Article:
For many artists in the UK surviving is by way of having a day job in addition to the creative one; a financial necessity but one that can place an incredible burden on an artist literally trying to do 2 full time jobs. With the increasing levels of automation many jobs that were once the main stay of creatives “other jobs” have been lost, making survival even harder to the extent that some creatives feel that they cannot take up artistic opportunities as they cannot afford to lose their day job; especially when the artistic job is either low paid or the famous “profit share”/for exposure. Added to which, many of those jobs that have not been lost to automation have become increasingly pressurised often with long hours attached; at the end of which you are barely able to eat and make it to bed. The prospect of having both the physical and mental strength to be creative after that is almost impossible and once the lack of being creative has started it is very easy for it to spiral downwards into not being creative at all. Those coming into the industries and those already in it are frequently told find a day job that you at least do not hate – however that is easier said than done.
So an article in Tuesday’s The Guardian “If we value artists, we should pay them benefits – Ireland is leading the way” by artist and writer Penny Anderson immediately caught my interest. From September 2019 Ireland plans to extend a pilot scheme for visual artists and writers started in June 2017 to all artists, allowing them to claim benefits for up to a year without the “activation process” – having to look for a job. In short giving artists breathing space without the job hunting pressure. Could the UK do something similar? As Anderson goes on to show the UK did with the old Enterprise Allowance scheme which started in 1981 and ran for around 10 years. During its time the scheme supporting the starting of Creation Records, the Turner Prize winner artist Jeremy Deller and nominee Tracey Ermin. I came into the industry at the end of the scheme and over the years have heard many others speak of it positively as giving them this similar chance; I have met a number of performers who worked for theatre companies that were started through the scheme.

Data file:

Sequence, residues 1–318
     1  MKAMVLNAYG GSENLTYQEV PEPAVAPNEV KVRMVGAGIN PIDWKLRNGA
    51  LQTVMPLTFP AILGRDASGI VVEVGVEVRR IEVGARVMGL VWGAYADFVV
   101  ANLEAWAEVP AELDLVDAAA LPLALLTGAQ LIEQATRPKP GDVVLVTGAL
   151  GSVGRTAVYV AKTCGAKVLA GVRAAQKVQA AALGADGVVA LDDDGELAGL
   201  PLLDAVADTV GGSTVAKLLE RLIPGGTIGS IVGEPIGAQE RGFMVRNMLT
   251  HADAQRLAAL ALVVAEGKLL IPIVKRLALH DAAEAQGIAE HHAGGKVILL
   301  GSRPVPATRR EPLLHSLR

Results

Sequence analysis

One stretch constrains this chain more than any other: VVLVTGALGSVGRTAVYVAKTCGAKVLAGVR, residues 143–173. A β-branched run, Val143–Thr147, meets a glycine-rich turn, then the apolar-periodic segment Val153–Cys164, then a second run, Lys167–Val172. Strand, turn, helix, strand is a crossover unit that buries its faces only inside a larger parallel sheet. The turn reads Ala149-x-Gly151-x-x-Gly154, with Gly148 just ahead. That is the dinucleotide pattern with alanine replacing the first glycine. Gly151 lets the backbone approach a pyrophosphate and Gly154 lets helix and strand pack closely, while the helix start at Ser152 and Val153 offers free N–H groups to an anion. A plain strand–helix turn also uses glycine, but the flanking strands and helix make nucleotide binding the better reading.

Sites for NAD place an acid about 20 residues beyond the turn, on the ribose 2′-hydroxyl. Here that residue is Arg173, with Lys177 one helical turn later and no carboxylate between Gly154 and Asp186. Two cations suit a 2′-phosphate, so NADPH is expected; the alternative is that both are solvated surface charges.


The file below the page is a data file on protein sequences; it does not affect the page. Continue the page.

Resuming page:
So should the UK follow Ireland’s lead, I believe absolutely. Our industry has a major issue where background, gender, class or ethnicity is a barrier to a would-be artists breaking into the industry, a risk that a career in the creative industries could be only for those with the means to be supported whilst they get started. Furthermore, I believe there is also a growing issue with career sustainability, with artists being force to leave the industry or effectively go part time due to financial pressures and with home/studio/work space rents and living costs all rising (and I am not gone to start on the cost/stress of artists who are working parents, that is another whole post). Creativity in the UK is a major contributor to the UK economy, Anderson quotes some powerful numbers as to just how much it benefits Glasgow alone: and such a scheme could only bring positive benefits to the UK as a whole in both financial terms and more importantly artistic one.
When speaking to Governments/Funding Bodies etc we frequently have to talk about economic contributions and targets: but for me reading Anderson’s article the biggest argument in favour of such a scheme lies in the personal. Like many artists I have been in that position of trying to balance a “day job” along with either creative work or trying to get/make creative work, the pressure of trying to be in 2 places/2 lives at the same time. Whilst I have managed to keep my head above water (so to speak) it is not hard to understand how this can push an artist too far. Such a scheme will give us, as Anderson says, breathing space and I believe make a major contribution to the mental health of artists, a topic that is finally being recognised and discussed. With this support artists would be able to grow and produce more and that will contribute immeasurable to the UK and in more than just economics.